WALKING down Oxford Street on a warm summer’s evening is like walking through Dante’s seventh circle of hell. I’m late for a dinner reservation at HUNter 486, a chic brassiere in a boutique hotel just off Marble Arch, and I’m feeling flustered, sweaty and the opposite of someone due to dine amongst the residents of a five-star hotel.
I suddenly experience London like a tourist might — the overwhelming swell of office workers and residents rushing and turning, pushing and prodding, trying to break through those lingering with their cameras who want to admire the sights and sounds of this busy street. Walking through the doors of The Arch is like escaping this hell, into — well it’s too obvious to say it. Not heaven, but at the least a luxurious and opulent refuge — chic contemporary art, gleaming leather and muted colours.
The concept of a restaurant within a hotel being a dining destination in its own right is, I must admit, a concept new to me. It brings to mind the idea of ‘friends with benefits’ — aspects of the relationship without the accompanying sleepover. It’s hard to get past the idea that I won’t at the end of the meal be able to loudly declare ‘charge it to my room’ before swanning off upstairs to my tastefully designed suite. This is particularly the case at The Arch, where the contemporary and cosy feel invites you to roll straight from dinner, into the elevator and bed down between their crisp, clean hotel sheets.
Alas, I must be satisfied with naught but a meal in this townhouse hotel. Named after the 1950s dialling code for Marylebone, the brassiere past the lobby is a light and airy space with a large window bordering the open plan kitchen — complete with its own stone bed pizza oven. Private semi-circle booths and long leather benches lend it an air of old, New York glamour and, in fact, in the adjacent Salon de Champagne there are even more secluded tables where diners can draw a curtain to eat completely in private.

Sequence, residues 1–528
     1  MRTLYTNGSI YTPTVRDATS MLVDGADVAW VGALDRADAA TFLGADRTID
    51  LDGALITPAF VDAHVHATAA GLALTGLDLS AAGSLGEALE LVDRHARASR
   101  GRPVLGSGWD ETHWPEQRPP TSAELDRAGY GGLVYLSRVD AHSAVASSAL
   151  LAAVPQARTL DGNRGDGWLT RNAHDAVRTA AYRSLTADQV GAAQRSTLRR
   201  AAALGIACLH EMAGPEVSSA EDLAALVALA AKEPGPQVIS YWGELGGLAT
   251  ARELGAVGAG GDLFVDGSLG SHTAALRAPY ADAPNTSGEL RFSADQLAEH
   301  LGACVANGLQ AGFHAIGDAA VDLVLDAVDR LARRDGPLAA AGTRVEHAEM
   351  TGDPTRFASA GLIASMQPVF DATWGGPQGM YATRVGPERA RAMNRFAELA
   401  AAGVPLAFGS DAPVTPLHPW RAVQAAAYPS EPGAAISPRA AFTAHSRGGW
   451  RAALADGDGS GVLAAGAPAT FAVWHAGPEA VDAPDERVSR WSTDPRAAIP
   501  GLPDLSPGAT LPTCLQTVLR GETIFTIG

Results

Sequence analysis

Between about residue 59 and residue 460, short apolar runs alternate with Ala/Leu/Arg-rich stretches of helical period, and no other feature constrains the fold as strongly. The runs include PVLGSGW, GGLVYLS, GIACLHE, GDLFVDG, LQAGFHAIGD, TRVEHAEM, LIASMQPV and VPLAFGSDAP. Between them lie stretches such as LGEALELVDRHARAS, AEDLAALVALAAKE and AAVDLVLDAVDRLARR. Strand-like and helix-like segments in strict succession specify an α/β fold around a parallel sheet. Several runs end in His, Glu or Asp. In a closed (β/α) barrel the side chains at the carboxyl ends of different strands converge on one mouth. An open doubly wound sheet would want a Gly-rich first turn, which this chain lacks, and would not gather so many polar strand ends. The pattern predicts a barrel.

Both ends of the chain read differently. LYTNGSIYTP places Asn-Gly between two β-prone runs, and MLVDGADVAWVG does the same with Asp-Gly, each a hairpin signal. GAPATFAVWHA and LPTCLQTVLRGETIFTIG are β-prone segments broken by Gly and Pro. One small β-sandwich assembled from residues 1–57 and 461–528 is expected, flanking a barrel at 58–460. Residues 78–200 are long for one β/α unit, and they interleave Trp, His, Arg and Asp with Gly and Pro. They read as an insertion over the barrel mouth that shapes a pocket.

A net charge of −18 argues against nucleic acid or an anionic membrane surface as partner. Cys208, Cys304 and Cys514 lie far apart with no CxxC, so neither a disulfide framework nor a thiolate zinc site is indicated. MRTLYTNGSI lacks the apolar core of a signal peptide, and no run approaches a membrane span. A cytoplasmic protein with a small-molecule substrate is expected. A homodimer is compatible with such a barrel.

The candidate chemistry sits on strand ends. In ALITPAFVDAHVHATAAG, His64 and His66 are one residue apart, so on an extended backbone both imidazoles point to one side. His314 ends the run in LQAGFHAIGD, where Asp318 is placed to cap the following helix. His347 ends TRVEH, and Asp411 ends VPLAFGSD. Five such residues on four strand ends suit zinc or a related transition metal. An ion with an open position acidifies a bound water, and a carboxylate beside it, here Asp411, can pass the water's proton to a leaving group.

We skip the array of cocktails available and settle straight on a deliciously light and fruity Pinot Grigio from Alois Legeder in Italy. The wine list covers a range of regions from mainly Italy, France and Spain, with a hint of Australia and South Africa.
It pairs well with the menu, designed by Head Chef Laurence Glayzer, formerly of Browns Hotel. The selection seems to aim for contemporasied English classics — with starters ranging from a duck terrine through to carpaccio of beef. We opt for smoked salmon — a delicate layer of fresh, thinly sliced salmon squeezed with lime, and a plate of hot green asparagus served with hollandaise sauce. It’s a delicious combination of flavours and the asparagus is the perfect marrying of crisp and soft textures. The waiter proffers an array of freshly baked bread as an accompaniment, with salty butter presented on black slate.
In fact, presentation seems to be a point of pride, sometimes outdoing the flavours themselves. The fillet of beef ‘Wellington’ is served up with a light lattice of puff pastry covering a juicy, tender thick cut of beef. It sits in a light broth of Madeira truffle sauce, and is accompanied by a pleasant mix of mushroom and foie gras puree. The restaurant’s signature dish, chicken “Hunter style”, is baked in the stone bed oven and served up with a hearty mix of button mushrooms, roughly cut tomatoes and tarragon jus. A side of mashed potato is whisked to perfection and deliciously creamy.
And then comes dessert. Ah dessert, I could dedicate a whole column to you. The chocolate fondant pudding appears artfully presented on a thin square of black slate. It is a literal melt-in-your-mouth experience, with the soft gooey centre oozing into the coconut flavours the icecream. Similarly, the other dessert, the Eton mess, is another exercise in indulgence and my first experience of this unique English mix of crumbled meringue and raspberry and strawberry coulis.
A plate of complimentary gourmet chocolates tidy off a satisfying meal. We may not be bedding down in the comfort in the rooms upstairs, but at least we get the ‘after-dinner’ pillow mints.
HUNter 486 Brasserie, The Arch London, 50 Great Cumberland Place, London W1H 7FD. See Thearchlondon.com for reservations.